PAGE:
• If you are casting into the wind, it is important to angle your trout fishing rod down during the forward cast. This prevents the wind from catching the line and blowing it back toward you.

Rainbow Trout Fly Fishing Tips for Beginners

Patience and Practice

Fly fishing is a skill that takes time to become an expert in. I often tell enthusiasts to keep an open mind in learning the ins and outs of fly fishing. Give yourself enough time to learn the sport, and it will prove worthwhile in the end.

Time may not allow you to access the stream whenever you want. But this should not keep you from practicing. Ever thought of fly fishing in the parking lot? Or your yard? Try this to improve your casting technique. And when you access the creek, it will save you tons of time for trial and error.

Rainbow Trout Tackle

Being organized is the key to success in trout fishing. What do I mean? Fly fishing for trout requires more energy and concentration than conventional fishing. It is a widespread practice to walk up and down the river banks looking for that prolific spot.

This requires you to have a handy tackle box that you can easily carry along with you. Invest in a good fly fishing rod for this same purpose. Always remember to carry plenty of flies. You do not want to run short of flies midway into the fishing session. You may have many bites before making a catch.


Invest in a good pair of drab clothes. Your aim is to keep out of the trout’s sight. Drab clothing will also help you blend with the surroundings, a sort of camouflage for the predator you are. If you are going out on a rainy day, then do not forget to carry a fisherman’s rain suit to help you stay dry.

How to Handle Rainbow Trout

Most fishermen who have just started out do not know exactly how to handle the fish after the catch. It is important to know how to handle the trout. This depends on the intention of your fishing. You may be fishing for fun, where you will need to release the fish back to the water (after a nice photo!), or you may be fishing for food.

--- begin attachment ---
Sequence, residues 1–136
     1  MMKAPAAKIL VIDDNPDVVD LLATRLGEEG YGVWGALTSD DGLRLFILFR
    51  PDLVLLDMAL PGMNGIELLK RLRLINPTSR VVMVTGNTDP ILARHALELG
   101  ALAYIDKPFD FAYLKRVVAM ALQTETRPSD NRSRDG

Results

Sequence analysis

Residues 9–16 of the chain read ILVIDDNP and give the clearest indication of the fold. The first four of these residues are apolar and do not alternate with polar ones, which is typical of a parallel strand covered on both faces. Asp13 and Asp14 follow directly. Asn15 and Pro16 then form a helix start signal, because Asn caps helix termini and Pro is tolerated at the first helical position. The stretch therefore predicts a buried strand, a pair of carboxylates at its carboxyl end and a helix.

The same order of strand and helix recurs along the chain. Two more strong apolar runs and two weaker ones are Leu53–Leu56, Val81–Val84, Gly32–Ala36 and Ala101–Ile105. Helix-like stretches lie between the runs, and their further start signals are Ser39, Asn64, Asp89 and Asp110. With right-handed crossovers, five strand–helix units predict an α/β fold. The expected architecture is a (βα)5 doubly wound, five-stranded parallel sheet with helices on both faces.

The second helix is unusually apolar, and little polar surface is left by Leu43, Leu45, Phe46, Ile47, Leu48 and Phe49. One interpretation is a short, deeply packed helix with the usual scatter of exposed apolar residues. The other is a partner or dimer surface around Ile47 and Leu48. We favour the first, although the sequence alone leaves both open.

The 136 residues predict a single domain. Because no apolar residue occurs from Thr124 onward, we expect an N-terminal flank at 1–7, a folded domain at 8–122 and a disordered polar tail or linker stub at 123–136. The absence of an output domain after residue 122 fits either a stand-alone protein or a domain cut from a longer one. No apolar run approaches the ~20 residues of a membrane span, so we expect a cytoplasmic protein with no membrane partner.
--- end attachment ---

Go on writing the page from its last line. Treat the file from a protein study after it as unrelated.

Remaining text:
Note that trout need to be in oxygen-rich water. Staying out of water for as little as 15 seconds can kill the fish. Do not conclude that the fish has survived if you see it swim away.

When you catch the rainbow trout, keep it in your net and immerse the net in the water. Turn the fish upside down to disorient it- it becomes easier to hold them. When the photographer is ready, hold the trout gently for just a few seconds out of the water. Hold it with one hand just in front of the tail. Do not hold it too tightly as this may tempt it to wiggle away.

If you want to release the fish, you must remove the fly from its mouth. Use a good pair of forceps for this job. Remember to always keep the fish in the water. Once you remove the hook, release the trout preferably into some quieter water. If the fish is bleeding, it is better to keep it because the chances of survival are low.

Take care not to drop the fish onto the bank, especially from a great height. Their survival rate is reduced if they end up flapping on the rocks.

If you intend to keep the fish, it will be good for you to kill them quickly. You do not want to keep them suffering for no reason.


You are now well equipped to go fly fishing for rainbow trout. Here is a five-point summary of how to fly fish for rainbow trout:

  1. Learn the character and nature of the rainbow trout before going out to fish.
  2. Have the right equipment for fly fishing. The higher the quality the better, but it should fit into your budget.
  3. A 4-piece fly rod is easier to carry around. You can check out our pick of the 10 Best Fly Rods Under $200 if you’re looking for a new fly fishing rod.
  4. Purchase the right bait that matches the natural diet of the rainbow trout.
  5. Develop the right casting technique. This may require practice and lots of patience.
  6. Remember to check the necessary laws and permits. These vary from state to state, so it is best to confirm for your specific state.

You can share your rainbow trout fly fishing experience via comments. I will be glad to hear from you.

Last Updated on December 21, 2023 by Blaine Townsend